At 26 years old, Brandon Baltzley was poised for his star turn as the opening chef at Chicago's hotspot Tribute. People called him a prodigy - the Salvador Dali of cooking - and foodie blogs followed his every move. Instead, Brandon walked away from it all and entered rehab to deal with the alcohol and cocaine addiction that had enslaved him most of his adult life. Brandon grew up in the South with no father and an addict mother. At nine, he was prepping vegetables in the back of a gay bar. From there, he went on to deep-frying with Paula Deen to cooking in an array of Michelin-starred restaurants, including Grant Achatz's world-renowned Alinea.
In between, he was touring the country with his heavy metal band, Kylesa - and doing his first stint in rehab. Like Gabrielle Hamilton's Blood, Butter and Bones, Brandon's Nine Lives is about blazing a way out from a rough childhood through talent and an unbridled passion for the craft of cooking. A story that's still being written as Brandon works with Crux, the pop-up culinary collective he founded, and plans for the opening of his own restaurant, Nine Lives serves up a raw and riveting memoir about food, rock-and-roll, and redemption.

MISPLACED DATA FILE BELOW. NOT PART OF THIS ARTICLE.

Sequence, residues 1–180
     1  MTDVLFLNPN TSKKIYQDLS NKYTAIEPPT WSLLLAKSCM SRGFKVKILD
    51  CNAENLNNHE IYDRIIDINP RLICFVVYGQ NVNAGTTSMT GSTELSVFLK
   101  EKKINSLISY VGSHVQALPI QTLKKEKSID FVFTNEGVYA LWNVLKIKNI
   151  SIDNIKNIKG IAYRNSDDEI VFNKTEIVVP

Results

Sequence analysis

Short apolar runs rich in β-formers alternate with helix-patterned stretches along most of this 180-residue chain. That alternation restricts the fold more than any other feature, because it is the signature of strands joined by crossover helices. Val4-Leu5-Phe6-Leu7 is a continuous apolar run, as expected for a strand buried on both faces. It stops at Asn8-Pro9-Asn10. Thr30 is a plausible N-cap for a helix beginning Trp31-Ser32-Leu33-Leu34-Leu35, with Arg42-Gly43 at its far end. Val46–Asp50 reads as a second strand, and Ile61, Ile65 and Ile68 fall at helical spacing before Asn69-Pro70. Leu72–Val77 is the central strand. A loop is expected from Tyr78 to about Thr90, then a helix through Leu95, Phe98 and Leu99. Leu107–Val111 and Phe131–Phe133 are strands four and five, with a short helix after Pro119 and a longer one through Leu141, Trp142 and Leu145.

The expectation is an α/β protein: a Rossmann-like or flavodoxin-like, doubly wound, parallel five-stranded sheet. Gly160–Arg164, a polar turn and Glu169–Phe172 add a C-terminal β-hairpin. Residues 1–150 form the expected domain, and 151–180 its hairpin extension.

©2013 Brandon Baltzley (P)2013 Tantor
"Nine Lives is a compelling story of perseverance and the power of food. I'm honored to have been a part of Brandon's journey." (Wylie Dufresne, Chef)
I liked this book. as a chef I can identify with the struggles each of us face. I get it, I'm myself only a 24 year old chef and I know all too well the struggles he faced it's just too bad it took him so long to get his life straightened out.
also just a pet peeve about the narrator, he prounounced stage wrong every time and me as a chef it drove me crazy
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